All stories are love stories, even though it may not seem like it. Either one or all of the characters are searching for love, aching because of a lack of love, disturbed because of a lack of love, forever heartbroken because love hasn’t been kind, and on and on.
After writing this morning’s haiku, my thoughts continued to meander down the path of discovery. I’m working on this story about a young man who has been scarred because his mother didn’t love him. As I was thinking about the story and other things, I started to think about certain students who have come into my life. Students who I recognized potential in and spent day after day, week after week, and month after month trying to help to see their own potential. Some of these students had another need, one either I didn’t recognize or wasn’t equipped to satiate. According to Maslow’s hierarchy of needs, until certain needs are met, some of these students will not be receptive to what is taking place in the classroom.
If a student needs stability at home, a place to live, food because he/she is hungry, someone to confide in about being abused, a good night’s sleep because they’re up all night listening to their parents argue and fight, to wash their clothes because they only have two outfits and no washer and dryer in the home, then until those needs are met, teacher and student may as well be bumping heads. It doesn’t matter that I am a good teacher and know my content. That’s why it’s important to understand that teachers do more than disseminate content. We have to love and educate the whole child, each and every one of them. No matter how good a teacher you are, if a child’s needs are not being met, they will not care about other things they think of as low on their hierarchy of needs.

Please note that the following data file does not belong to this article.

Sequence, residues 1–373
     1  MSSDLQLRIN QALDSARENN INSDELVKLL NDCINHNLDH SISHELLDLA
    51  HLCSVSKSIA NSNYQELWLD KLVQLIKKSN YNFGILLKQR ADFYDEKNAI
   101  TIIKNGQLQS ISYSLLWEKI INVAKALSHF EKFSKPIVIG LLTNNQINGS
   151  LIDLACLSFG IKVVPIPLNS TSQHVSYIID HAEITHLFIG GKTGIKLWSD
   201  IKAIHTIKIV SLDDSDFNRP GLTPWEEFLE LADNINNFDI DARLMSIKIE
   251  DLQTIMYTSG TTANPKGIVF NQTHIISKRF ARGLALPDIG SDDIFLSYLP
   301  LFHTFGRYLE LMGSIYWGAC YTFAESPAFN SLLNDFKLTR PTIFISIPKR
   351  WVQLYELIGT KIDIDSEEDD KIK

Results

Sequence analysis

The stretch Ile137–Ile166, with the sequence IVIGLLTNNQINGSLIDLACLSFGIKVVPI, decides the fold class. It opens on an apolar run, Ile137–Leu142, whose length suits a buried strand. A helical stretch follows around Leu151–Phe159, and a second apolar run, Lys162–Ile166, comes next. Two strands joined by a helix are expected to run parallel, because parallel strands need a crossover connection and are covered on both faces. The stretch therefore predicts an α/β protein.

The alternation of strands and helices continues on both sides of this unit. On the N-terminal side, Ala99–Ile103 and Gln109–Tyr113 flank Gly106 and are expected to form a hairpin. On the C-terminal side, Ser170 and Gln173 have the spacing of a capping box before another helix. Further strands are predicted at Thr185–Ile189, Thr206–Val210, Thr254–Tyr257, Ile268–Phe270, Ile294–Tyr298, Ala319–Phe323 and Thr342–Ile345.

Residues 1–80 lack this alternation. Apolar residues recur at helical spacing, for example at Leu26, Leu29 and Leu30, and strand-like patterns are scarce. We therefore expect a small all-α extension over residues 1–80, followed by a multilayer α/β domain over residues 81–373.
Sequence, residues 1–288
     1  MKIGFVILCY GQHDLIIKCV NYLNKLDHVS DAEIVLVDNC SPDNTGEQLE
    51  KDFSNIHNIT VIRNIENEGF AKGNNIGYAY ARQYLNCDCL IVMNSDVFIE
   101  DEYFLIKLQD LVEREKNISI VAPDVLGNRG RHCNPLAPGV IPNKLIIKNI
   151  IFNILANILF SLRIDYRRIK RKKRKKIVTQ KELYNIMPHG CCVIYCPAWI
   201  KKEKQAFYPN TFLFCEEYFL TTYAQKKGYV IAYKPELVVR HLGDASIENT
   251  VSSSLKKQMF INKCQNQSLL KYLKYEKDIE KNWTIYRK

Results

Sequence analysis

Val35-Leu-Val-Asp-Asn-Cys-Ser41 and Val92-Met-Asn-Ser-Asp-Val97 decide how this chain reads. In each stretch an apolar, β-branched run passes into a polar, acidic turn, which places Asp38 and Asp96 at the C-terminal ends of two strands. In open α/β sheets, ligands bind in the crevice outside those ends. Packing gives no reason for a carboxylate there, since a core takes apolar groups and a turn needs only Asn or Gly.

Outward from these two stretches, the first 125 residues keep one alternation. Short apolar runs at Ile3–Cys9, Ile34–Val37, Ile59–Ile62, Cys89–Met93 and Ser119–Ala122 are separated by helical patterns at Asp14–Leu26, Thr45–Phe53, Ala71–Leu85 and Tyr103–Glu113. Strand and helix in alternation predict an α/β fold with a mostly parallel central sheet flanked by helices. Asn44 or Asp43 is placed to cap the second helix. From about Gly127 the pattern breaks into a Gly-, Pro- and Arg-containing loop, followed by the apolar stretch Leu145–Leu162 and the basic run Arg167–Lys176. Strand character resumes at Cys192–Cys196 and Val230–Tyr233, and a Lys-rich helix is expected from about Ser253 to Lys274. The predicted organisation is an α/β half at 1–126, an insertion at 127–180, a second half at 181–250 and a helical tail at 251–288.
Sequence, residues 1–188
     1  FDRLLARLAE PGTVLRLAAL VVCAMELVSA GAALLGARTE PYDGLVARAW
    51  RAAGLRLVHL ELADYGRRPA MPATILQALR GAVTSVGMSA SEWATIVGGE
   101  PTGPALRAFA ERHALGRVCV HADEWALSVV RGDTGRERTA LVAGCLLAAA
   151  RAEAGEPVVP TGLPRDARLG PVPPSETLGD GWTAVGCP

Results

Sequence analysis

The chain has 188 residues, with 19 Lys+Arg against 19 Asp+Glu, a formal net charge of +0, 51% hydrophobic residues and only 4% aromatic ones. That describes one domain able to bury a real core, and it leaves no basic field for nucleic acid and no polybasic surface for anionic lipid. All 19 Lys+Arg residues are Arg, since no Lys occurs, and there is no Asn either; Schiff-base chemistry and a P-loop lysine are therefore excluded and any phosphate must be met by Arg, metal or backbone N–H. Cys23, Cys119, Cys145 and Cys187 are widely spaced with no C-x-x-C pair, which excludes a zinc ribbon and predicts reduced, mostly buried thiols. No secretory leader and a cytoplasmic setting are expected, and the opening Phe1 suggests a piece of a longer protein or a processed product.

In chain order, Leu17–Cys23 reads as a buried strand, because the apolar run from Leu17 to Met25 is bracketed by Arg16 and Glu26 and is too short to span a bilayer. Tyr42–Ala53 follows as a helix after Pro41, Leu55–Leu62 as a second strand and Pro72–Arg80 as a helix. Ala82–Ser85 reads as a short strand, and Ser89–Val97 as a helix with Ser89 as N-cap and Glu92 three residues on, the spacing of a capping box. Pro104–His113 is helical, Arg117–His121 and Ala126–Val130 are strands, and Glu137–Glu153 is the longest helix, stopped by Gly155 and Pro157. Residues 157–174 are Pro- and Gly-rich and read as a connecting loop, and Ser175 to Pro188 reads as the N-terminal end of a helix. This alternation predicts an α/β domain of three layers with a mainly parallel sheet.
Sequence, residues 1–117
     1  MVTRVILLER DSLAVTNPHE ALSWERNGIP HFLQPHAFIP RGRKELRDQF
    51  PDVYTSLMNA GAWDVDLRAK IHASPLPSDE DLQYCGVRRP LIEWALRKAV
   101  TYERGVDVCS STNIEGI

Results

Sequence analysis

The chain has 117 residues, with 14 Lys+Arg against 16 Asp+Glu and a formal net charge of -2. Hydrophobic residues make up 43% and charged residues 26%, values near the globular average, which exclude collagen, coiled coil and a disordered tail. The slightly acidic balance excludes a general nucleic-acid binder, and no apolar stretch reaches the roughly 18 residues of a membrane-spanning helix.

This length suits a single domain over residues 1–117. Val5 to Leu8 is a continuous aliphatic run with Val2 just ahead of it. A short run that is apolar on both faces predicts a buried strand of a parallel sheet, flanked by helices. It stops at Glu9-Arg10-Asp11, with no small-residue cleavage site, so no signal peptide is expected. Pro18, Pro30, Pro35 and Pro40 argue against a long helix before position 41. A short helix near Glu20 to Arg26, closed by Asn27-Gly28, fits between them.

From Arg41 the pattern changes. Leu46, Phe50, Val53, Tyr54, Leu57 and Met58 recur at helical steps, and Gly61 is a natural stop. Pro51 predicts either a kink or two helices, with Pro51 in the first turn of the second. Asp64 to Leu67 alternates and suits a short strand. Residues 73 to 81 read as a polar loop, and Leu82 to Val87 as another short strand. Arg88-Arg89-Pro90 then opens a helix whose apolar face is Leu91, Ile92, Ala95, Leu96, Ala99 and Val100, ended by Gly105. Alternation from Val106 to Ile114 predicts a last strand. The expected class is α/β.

So, no matter how good a teacher you are, if you are not giving a person what he or she needs at that moment, he or she may not be able to receive what you are offering. Likewise, no matter how good a person you are and no matter how loving your actions may be toward your someone, if you are not meeting his or her needs, he or she may never choose to accept what you are offering.
I used to be the type of person who would say, “But I loved you. I was good to you. You should appreciate that.” I understand, now, that every person has his or her own needs and those needs may not match mine and that’s okay. The same goes for the women who meet the protagonist of my newest story. The women who meet Victor online are all trying to forge a relationship with him. Some believe if they love him hard enough, he’ll ignore his own needs and realize they are what’s best for him. And that’s never true. So, the story I’m working on must be a love story, though the protagonist is a psychotic and narcissistic jerk. It all starts with love. And even Victor realizes that, even if he doesn’t know that he realizes it.
I opened my heart to you,
and watched as you closed
the door. You left. And closed
the door behind you. You didn’t
slam it hard, but closed it gently
as if though you didn’t want to wake the
sleeping baby. As if though you
weren’t ready to let me know that you
stopped loving me, stopped wanting my love.
Though you still sought to use parts of me.
I stood looking at the closed door, willing it
to open, but knowing you didn’t want me
anymore. Not like I wanted you. And a part of me
believed you loved me more than you knew and
just needed help to show it. So, I pried the door
of my heart open once more, placed a block of
my pride near the bottom to keep it propped open.
I hoped the memory of our love would drift
through the open door like the music that
drifts from our neighbor’s house every Friday night.
We never attended their parties. It wasn’t our type
of scene, but somehow that never occurred to me.
I just hoped the memories standing on the other side
of the door would be enough to draw you back to me
because it’s been enough to hold me here,
trapped in the past, avoiding my future.
Peace & Love,
I’m off to finish working on my love story, loves. Hope you’ll do the same. And, remember, if it’s important to you, you’ll make a way to do it. If it’s not important, you’ll make excuses. If you find yourself making excuses about something you think is important to you, maybe it’s time to re-think what you call your passion.